Jessop Architects is a full service architectural design firm that can offer project management of the entire project. We service clients throughout New Zealand, including the Far North, Bay of Plenty, Wellington, Christchurch and Queenstown/Wanaka. The process outlined below is a top-level view of the typical steps that we undertake for our clients. Some projects will require fewer steps, while others might require structural engineering or landscape design.
1. Predesign and Concept Design
This includes initial site visit during design, initial meetings, council policy checking, ideas for overall master planning, client briefing and clarification, sketches and presentation drawings of which include plans and elevations.
2. Developed Design
Further development of concept design ideas, prior to resource consent or working drawings proceeding. It includes detailed plans, elevations, sections, hard landscaping and some critical site works, materials palettes / specs, images and a model. This would be the point a quantity surveyor would be engaged if desired.
3. Resource Consent
If this is required on you property due to zoning requirements or infringements in the design, i.e. coverage then this will take place between stages 2 and 3 of our documentation. It involves an environmental report and forms, resource consent information transposed onto drawings, meetings with consultants and integration of their information, negotiations with council, and site meetings with council as well as lodgement of the application.
4. Detailed Design (used for Building Consent)
Drawings suitable for Building Consent application, detailed to level required by local territorial authority. This includes, plans, elevations, cross sections, and construction details to the new building code and Act, specification as appropriate, meetings with consultants such as the Engineers and Surveyors and the integration of their information for lodgement at Council.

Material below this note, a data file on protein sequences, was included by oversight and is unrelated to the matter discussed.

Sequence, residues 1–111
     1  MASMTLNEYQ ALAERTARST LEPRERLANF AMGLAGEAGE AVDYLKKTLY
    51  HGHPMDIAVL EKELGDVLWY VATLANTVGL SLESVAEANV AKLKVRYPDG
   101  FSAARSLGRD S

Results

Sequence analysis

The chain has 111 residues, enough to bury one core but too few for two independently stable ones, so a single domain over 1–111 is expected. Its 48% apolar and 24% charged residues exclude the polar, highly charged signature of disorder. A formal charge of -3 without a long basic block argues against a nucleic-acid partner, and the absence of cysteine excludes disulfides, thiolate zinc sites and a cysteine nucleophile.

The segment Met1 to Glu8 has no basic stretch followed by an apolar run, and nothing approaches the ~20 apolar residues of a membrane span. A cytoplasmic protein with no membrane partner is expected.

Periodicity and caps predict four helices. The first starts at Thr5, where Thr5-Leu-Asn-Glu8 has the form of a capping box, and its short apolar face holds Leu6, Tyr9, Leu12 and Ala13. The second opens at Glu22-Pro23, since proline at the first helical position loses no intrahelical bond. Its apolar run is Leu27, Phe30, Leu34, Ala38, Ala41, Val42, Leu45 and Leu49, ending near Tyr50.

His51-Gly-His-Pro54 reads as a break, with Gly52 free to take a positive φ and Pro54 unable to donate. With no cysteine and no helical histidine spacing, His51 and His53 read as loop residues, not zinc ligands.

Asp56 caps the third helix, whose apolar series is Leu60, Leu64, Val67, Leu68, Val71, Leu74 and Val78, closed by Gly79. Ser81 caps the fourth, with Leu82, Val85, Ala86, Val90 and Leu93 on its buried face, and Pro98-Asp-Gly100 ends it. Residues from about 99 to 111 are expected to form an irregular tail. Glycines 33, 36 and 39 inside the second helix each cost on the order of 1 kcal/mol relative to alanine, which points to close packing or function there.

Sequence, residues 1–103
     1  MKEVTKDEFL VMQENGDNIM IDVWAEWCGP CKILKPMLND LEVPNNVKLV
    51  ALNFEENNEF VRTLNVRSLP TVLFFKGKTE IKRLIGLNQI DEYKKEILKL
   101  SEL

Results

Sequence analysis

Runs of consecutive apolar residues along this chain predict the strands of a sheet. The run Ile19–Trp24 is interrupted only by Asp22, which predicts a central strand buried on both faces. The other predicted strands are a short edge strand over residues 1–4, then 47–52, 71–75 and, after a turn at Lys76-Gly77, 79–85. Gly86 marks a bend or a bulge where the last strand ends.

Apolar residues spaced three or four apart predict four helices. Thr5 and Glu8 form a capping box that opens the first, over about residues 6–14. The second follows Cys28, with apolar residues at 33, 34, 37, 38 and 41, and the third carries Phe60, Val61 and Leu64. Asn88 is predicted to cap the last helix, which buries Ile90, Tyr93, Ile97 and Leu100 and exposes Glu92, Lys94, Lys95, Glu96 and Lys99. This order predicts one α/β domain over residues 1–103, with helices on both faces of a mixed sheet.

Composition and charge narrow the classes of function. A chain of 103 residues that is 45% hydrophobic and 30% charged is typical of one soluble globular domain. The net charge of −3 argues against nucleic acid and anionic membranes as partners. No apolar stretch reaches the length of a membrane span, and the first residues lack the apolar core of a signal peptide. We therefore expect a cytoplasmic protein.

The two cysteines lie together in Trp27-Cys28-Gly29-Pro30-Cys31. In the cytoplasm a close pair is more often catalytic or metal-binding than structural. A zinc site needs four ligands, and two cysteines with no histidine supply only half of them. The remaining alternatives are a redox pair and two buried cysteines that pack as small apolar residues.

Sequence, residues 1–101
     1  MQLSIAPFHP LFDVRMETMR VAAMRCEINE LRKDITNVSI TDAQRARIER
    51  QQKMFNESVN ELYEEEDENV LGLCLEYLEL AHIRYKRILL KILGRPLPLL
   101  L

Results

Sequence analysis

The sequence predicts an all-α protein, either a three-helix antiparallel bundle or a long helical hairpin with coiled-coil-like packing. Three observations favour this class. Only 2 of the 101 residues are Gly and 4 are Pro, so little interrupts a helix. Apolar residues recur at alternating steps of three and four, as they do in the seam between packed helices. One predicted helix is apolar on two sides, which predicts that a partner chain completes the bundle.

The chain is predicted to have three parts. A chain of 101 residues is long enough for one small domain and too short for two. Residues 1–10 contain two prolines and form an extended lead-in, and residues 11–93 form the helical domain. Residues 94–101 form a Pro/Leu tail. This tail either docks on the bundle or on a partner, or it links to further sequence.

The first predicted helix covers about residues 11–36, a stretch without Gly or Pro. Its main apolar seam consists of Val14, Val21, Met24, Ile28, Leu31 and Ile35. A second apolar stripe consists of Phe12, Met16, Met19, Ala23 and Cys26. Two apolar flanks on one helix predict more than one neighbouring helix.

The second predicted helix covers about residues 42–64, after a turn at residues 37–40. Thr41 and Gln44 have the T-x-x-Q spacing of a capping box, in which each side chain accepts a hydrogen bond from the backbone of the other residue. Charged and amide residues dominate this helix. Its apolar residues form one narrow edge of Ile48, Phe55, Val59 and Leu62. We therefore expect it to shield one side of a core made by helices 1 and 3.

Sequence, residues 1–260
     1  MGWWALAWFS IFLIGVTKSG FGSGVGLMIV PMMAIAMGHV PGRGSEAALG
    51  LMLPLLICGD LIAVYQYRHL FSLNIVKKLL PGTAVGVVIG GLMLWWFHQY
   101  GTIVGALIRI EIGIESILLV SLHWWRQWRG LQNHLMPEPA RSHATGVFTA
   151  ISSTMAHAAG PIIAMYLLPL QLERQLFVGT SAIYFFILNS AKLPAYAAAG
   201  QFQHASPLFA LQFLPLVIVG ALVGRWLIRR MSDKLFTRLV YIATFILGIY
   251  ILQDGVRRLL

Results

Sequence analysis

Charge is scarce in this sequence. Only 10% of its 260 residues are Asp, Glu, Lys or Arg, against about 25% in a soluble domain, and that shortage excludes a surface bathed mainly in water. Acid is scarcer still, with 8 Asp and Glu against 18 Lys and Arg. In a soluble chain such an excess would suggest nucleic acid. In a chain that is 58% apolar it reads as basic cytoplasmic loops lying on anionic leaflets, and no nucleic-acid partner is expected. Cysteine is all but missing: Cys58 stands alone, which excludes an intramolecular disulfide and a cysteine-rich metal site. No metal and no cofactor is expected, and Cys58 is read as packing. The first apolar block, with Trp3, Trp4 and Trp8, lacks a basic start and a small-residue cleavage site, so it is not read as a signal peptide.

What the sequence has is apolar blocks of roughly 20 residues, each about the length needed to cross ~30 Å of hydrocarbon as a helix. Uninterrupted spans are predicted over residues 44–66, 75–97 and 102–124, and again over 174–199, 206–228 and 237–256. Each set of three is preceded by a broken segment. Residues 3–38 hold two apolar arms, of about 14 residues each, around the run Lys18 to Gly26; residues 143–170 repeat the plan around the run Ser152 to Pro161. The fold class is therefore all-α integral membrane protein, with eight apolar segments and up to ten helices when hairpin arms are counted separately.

5. Interior Design
Items could include fixtures and fittings such as the finishes schedule, electrical plan, windows and door schedule. Other items that are not necessarily required could include kitchen, bathroom, laundry and wardrobe joinery, hard landscaping or security (excludes interior design such as furniture, curtains etc). This is not usually needed by council to obtain a building consent but more critical for contractors to accurately price the whole project.
6. Building Consent through Council
This stage sees us working with council to push through the building consent.
In order for accurate prices to be obtained from builders a more detailed set of plans and specifications is required. We can offer our services to prepare tender documentation and have a list of experienced builders of whom we can recommend.
8. Site & Contract Administration
This stage varies depending on each client and the degree of difficulty. It involves any additional information required for construction. This service is not in any way a project management role, but could involve periodic site visits to view progress and assist the main contractor with any construction queries, taking file notes and carrying out any additional drawings or variations to the consent set of drawings.